Despite billboards and media ads warning people of the dangers of texting and driving, motorists continue to use their cell phones while behind the wheel. In 2017 alone, there were 34,247 automobile crashes and 37,166 car accidents deaths in the United States. Approximately 2,935 of those accidents and 3,166 of those deaths are directly attributed to distracted driving, according to the National Highway Traffic Safety Administration.

Regardless, nearly 600,000 drivers use their cellphones at any given moment. How are cell phones dangerous and what can people do to reduce the risk of becoming involved in an accident.

Using a cellphone while driving involves three types of distracted driving. This includes the following:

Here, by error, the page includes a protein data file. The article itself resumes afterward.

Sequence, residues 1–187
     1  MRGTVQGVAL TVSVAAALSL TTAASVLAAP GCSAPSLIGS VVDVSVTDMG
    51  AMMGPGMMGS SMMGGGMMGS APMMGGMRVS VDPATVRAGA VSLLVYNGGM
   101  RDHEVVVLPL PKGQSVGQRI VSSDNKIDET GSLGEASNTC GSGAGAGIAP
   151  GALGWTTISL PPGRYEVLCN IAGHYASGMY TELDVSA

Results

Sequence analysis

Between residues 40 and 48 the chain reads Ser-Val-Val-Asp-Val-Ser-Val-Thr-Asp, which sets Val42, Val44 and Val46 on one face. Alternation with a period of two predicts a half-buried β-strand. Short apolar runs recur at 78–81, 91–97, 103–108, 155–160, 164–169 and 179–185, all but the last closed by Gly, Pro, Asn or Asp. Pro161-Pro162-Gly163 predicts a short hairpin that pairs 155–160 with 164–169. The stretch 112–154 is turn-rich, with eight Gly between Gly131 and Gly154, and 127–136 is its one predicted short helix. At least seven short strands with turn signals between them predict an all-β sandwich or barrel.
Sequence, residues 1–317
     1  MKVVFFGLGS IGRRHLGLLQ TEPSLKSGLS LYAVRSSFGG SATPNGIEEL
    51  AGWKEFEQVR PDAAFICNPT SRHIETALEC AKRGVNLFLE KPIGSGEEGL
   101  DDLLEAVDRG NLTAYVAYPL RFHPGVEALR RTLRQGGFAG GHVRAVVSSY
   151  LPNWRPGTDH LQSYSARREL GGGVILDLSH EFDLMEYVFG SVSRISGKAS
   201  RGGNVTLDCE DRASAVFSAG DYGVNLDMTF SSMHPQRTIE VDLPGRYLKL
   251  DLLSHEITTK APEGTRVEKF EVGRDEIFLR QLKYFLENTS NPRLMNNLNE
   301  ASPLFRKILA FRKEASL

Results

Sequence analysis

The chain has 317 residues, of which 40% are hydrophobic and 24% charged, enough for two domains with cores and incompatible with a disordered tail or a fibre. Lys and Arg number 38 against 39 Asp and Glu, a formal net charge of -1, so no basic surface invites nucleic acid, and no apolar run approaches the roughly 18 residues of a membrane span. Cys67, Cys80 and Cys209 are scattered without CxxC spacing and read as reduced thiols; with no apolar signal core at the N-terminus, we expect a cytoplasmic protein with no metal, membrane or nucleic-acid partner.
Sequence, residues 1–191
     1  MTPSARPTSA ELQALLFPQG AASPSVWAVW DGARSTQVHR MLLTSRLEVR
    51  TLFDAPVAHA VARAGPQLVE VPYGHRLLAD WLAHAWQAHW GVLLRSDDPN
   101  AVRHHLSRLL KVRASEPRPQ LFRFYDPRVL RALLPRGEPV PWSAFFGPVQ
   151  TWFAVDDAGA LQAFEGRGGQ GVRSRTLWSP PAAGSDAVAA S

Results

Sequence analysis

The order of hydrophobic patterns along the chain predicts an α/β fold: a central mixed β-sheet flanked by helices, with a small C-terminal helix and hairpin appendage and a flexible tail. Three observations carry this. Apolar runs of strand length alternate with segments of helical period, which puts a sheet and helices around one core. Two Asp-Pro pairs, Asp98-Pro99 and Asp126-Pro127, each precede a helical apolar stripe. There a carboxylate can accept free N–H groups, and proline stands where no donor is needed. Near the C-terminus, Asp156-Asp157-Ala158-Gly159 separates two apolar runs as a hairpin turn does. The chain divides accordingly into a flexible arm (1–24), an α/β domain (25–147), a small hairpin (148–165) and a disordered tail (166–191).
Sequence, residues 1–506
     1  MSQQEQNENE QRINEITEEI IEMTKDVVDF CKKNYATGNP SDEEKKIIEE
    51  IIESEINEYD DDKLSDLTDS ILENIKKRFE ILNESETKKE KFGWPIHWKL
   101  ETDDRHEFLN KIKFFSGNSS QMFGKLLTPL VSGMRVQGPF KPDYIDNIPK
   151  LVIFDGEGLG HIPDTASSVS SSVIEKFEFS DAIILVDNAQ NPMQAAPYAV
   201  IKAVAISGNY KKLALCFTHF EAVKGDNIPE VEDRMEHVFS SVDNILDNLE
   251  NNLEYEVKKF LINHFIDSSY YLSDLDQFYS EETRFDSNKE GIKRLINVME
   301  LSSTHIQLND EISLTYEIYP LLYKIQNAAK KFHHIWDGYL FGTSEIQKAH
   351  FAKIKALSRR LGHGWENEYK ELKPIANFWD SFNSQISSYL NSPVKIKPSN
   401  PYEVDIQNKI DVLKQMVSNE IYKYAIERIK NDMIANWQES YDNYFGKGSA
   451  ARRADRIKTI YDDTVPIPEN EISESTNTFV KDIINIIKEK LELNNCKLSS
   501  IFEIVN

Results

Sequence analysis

• Cognitive distraction: concentrating on something other than the road
  • Manual distraction: taking your hands off the steering wheel
  • Visual distraction: taking your eyes off the road

In order to manipulate the cellphone, you must take your hands off the steering wheel and eyes off the road to scroll through your emails, dial a phone number or compose a text. Furthermore, when you are engaged in these tasks, you are not focused on the road at all.

According to the National Safety Council, the human brain is incapable of fully concentrating on two tasks simultaneously. Instead, the brain switches back and forth between one task and the other. This leaves moments in time where the brain is not focused on the road at all.

Due to these dangers and the imminent risk of getting involved in a deadly car accident, it is best to avoid using any type of cellphone while driving. Pay attention to the road in front of you and you will be able to react and respond to unexpected hazards that may come up.